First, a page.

A catholic woman gives "the fingers" to loyalists who were being bussed past the nationalist Ardoyne shopfronts tonight ahead of the Orange Order parade which was on the return leg of its journey after the lodge and its supporters from the Ligoniel area of North Belfast had taken part in the biggest Orange Order event of the day in Belfast. Windows on some of the buses used to ferry supporters through the flashpoint area, were broken during the short trip through the predominantly Catholic area
A loyalist jeers at a Catholic woman who was giving him "the fingers" as loyalists were being bussed past the nationalist Ardoyne shopfronts tonight ahead of the Orange Order parade which was on the return leg of its journey after the lodge and its supporters from the Ligoniel area of North Belfast had taken part in the biggest Orange Order event of the day in Belfast
Children play around a smaller bonfire lit early on the Eleventh night for them ahead of the main one at Roden Street in South Belfast
The five storey high loyalist bonfire at Coolfin Street on the Donegal Road near Belfast city centre
Firefighters attending the loyalist bonfire at Coolfin Street on the Donegal Road near Belfast city centre early this morning
Firefighters attending the loyalist bonfire at Coolfin Street on the Donegal Road near Belfast city centre early this morning
Almost like a winter wonderland as children play near the loyalist bonfire at Coolfin Street on the Donegal Road close to Belfast city centre early this morning. Fire crews had earlier sprayed foam over several properties close to the five storey high bonfire to try to prevent serious damage being caused by the intense heat
Almost like a winter wonderland after firefighters had sprayed foam over the front of several houses near to the loyalist bonfire at Coolfin Street on the Donegal Road near Belfast city centre. Fire crews had earlier sprayed the foam over properties close to the five storey high structure to try to prevent serious damage being caused by the intense heat

The Orange Order is changing its tune at last.

Whatever controversy or tensions the Twelfth stirs in some corners of Northern Ireland, there is a bigger picture emerging which we cannot ignore. An ultra-conservative organisation steeped in age-old tradition is starting to adjust to the modern world.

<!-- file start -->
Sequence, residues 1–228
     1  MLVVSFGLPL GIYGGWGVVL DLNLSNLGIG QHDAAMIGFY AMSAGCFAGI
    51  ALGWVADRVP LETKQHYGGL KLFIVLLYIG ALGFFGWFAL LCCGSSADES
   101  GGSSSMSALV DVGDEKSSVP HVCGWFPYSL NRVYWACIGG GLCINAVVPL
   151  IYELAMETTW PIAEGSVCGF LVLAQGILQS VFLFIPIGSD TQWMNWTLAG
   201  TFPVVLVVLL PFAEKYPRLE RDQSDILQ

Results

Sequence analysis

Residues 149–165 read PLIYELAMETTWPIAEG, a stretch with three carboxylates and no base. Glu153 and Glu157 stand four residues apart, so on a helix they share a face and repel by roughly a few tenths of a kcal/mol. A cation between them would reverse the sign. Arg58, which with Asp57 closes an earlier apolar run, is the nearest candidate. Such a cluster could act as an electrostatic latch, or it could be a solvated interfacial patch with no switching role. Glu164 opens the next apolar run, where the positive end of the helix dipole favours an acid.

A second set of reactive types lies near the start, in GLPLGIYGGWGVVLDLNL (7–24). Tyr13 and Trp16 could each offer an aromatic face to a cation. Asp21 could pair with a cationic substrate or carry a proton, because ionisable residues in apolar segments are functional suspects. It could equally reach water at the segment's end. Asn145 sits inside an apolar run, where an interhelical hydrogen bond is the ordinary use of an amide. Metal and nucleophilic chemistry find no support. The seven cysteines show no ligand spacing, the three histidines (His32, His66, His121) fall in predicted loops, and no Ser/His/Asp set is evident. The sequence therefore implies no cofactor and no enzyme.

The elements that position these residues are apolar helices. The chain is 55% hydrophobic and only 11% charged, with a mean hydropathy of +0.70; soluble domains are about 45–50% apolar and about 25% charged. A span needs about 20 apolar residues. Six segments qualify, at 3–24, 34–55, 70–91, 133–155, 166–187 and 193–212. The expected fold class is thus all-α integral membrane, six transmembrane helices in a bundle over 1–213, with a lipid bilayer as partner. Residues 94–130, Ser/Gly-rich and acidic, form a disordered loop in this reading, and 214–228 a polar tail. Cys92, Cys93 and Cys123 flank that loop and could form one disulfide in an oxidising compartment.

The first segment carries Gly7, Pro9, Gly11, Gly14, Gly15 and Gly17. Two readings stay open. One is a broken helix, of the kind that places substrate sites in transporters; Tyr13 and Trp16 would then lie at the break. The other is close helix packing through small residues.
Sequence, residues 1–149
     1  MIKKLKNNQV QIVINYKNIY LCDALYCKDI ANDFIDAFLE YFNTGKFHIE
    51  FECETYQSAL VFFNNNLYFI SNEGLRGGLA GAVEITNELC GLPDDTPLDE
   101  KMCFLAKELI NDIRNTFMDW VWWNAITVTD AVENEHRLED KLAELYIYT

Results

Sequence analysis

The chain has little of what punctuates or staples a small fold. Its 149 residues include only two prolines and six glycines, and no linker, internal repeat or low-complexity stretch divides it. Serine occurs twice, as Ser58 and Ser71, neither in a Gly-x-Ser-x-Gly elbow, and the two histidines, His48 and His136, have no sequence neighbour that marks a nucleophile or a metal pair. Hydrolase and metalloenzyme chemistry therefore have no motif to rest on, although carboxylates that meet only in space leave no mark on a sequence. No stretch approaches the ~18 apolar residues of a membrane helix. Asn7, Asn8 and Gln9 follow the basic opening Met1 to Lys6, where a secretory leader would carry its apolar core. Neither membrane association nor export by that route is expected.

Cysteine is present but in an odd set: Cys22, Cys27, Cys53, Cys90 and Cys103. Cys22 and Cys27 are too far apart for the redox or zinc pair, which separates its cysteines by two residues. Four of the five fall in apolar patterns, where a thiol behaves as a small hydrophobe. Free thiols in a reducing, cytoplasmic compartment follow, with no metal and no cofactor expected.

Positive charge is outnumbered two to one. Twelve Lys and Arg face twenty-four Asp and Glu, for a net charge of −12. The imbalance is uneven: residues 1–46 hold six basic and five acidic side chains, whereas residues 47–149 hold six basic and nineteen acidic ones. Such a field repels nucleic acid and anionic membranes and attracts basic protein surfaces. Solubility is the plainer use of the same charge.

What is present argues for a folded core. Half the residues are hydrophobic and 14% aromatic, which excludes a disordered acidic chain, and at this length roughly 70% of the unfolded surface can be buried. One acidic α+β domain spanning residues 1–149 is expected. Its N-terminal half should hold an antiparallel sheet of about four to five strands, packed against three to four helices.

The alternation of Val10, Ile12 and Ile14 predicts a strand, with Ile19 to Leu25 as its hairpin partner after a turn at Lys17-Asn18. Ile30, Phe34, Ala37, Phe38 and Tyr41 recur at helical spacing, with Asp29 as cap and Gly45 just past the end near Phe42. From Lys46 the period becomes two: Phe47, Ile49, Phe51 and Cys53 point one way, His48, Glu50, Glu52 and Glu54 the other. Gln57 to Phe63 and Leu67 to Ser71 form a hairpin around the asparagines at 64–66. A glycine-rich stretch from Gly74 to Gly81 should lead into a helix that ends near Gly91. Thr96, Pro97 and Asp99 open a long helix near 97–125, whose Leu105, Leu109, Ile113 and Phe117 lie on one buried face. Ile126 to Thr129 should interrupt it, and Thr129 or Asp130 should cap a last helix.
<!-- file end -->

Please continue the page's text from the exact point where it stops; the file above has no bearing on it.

‘The sash my father wore’ may still tug many Protestant heart-strings but if the sons of the fathers do not follow in their footsteps, then the Orange Order has a big problem.

No organisation can afford to stand still in the modern world. The churches have found that out to their cost. So also have businesses and institutions in every walk of life which have failed to adjust to today’s demands and to attract a new generation of customers or members.

The Twelfth fortnight signals a nationalist exodus from Northern Ireland but what may be overlooked are the numbers of unionists who find other distractions at home and abroad these days.

The better off they are, the more educated they become, the less younger unionists may think of marching on the Twelfth or having anything to do with the celebrations of King William’s victory, no matter how glorious, pious and immortal their parents and grandparents thought of it.

The Orange Order in celebrating the Battle of the Boyne in 1690 has another battle to fight in 2009 to ensure that its columns of marchers do not dwindle away with time and that its annual parades do not lose spectator appeal. Hence the concept of Orangefest with Belfast city centre shops and stores opening for the first time.

Orangemen in rural counties such as Tyrone and Armagh have pioneered the idea of extending the remit of the Twelfth with a wider array of events.

I think those behind the changes should be commended and the Order should be encouraged to walk down this road in future rather than along some of the more contentious routes it still insists on trodding.

Flying back to Belfast the other day, I was thumbing through the easyJet passenger magazine with its listings of European city destinations. Who would have believed even five years ago that the Twelfth would be included in Belfast’s ‘attractions’? It is this year and I hope the inclusion in the airline’s magazine is a foretaste of more peaceful and pleasurable Julys ahead for visitors and locals alike.

The Orange Order has taken a lot of stick in the media over the years and it is still playing catch-up to the Apprentice Boys of Derry who have forged improved community relations with the Maiden City in recent years in relation to the August parade around the ancient walls.

In contrast, the Orangemen’s bogey remains Drumcree. The Order’s leaders should not allow themselves to be obsessed to the point of intransigence over whether they can cross this bridge or march down that road when there is a much greater challenge staring them in the face — namely to make their organisation fit for purpose in the 21st century.

The Twelfth has the potential to be a great tourist brand which could bring additional benefits to the local economy. In that respect, July 13, 2009 is a test for the Orangemen and the community in general.

After today we may know if the Orange Order has turned a corner for the better. Some people may wish away the Twelfth — or St Patrick’s Day — but that will not happen. What we need are imaginative ways and means of enhancing community enjoyment of these historic dates in our calendar.

The Orangefest is a step in the right direction. We need to leave behind the Julys of confrontation and, if we can, perhaps future Twelfths will be promoted in not just one airline’s travel guide but in many other international tourist brochures.